Roswell resident and activist Sandra Sidhom qualifies for mayoral race

Sandra Sidhom is a candidate for Mayor of Roswell.

Sandra Sidhom is a candidate for Mayor of Roswell.

Sandra Sidhom is officially a candidate for the mayor of Roswell.

After announcing her campaign several weeks ago, the lifelong Roswell resident qualified for the upcoming municipal election on Wednesday. Qualifying for Roswell's city election runs through Friday, Aug. 25 at 4:30 p.m.

In a release from her campaign, Sidhom — who has experience working in project management and real estate — says she is running with the slogan “Renew Roswell.”

“I believe that with fresh leadership and truly dedicated public servants like myself we will be able to change the world starting in our own backyard,” Sidhom wrote in an email.

Sidhom, 25, is a graduate of Roswell High School and the University of North Georgia. For her activism, Sidhom made news earlier this year during the heated 6th District Congressional election where she petitioned Paul Ryan and Karen Handel, demanding that Handel participate in public debates with Jon Ossoff.

If elected mayor, Sidhom says she wants to renew Roswell’s economy, that she will “keep her door open” to Roswell’s residents and renew transparency, that she will promote public safety and increase property values, and that she will make the city more inclusive. Her other goals include reducing traffic congestion, prioritizing greenspace, promoting “sensible” development and supporting local families.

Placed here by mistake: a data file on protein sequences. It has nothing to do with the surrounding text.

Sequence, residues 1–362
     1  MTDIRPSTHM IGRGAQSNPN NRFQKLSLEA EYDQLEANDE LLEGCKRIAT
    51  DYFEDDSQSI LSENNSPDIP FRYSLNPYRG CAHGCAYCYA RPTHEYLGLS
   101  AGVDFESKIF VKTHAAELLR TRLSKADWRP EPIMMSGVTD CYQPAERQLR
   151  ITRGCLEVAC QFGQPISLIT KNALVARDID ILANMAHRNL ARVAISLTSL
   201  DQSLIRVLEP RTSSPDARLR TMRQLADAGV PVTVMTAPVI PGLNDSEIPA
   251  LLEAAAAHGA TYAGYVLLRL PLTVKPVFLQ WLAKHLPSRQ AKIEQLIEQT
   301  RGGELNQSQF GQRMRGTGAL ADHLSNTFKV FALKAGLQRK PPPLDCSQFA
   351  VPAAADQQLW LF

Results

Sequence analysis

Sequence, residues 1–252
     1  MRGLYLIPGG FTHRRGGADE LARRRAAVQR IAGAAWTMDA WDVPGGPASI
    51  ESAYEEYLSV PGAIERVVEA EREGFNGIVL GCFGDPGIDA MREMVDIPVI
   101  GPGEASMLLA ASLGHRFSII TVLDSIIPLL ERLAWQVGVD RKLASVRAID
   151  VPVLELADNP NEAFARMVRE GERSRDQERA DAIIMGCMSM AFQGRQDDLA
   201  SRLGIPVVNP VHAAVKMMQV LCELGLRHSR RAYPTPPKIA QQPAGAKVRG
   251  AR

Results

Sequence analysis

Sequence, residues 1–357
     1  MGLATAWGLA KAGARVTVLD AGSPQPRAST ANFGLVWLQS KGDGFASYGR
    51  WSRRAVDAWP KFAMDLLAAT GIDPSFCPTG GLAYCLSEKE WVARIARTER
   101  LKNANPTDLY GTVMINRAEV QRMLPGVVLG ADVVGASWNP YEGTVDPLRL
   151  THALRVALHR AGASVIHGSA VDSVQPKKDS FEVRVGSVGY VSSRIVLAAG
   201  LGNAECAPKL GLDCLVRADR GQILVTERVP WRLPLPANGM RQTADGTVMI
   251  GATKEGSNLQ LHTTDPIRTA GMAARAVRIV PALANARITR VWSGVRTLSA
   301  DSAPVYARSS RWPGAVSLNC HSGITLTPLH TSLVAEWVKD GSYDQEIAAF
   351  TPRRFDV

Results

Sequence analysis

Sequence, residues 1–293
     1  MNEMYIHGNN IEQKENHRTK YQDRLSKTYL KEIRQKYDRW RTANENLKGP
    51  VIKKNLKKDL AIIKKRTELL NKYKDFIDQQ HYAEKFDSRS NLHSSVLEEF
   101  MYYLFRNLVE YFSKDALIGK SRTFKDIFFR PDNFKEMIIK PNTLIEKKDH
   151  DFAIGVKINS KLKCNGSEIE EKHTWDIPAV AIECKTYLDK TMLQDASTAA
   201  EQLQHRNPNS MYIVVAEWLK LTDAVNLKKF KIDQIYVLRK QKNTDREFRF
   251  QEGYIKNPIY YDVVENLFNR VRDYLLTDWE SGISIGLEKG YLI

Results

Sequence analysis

After a judge ruled that current Roswell mayor Jere Wood violated term limits, the mayoral race for 2017 has become a crowded one. Sidhom joins councilmembers Lori Henry and Donald J. Horton in the race, as well as resident Michael Litten, whose lawsuit against Wood led to the judge's ruling.

If Sidhom wins the election, she will be the first woman and the first minority to sit in the chair that Wood has held since 1997.

More challengers in the race could emerge before qualifying ends on Friday.

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The mayor says the previous rules kept homeowners going against community developers, leaving too much interpretation of the rules.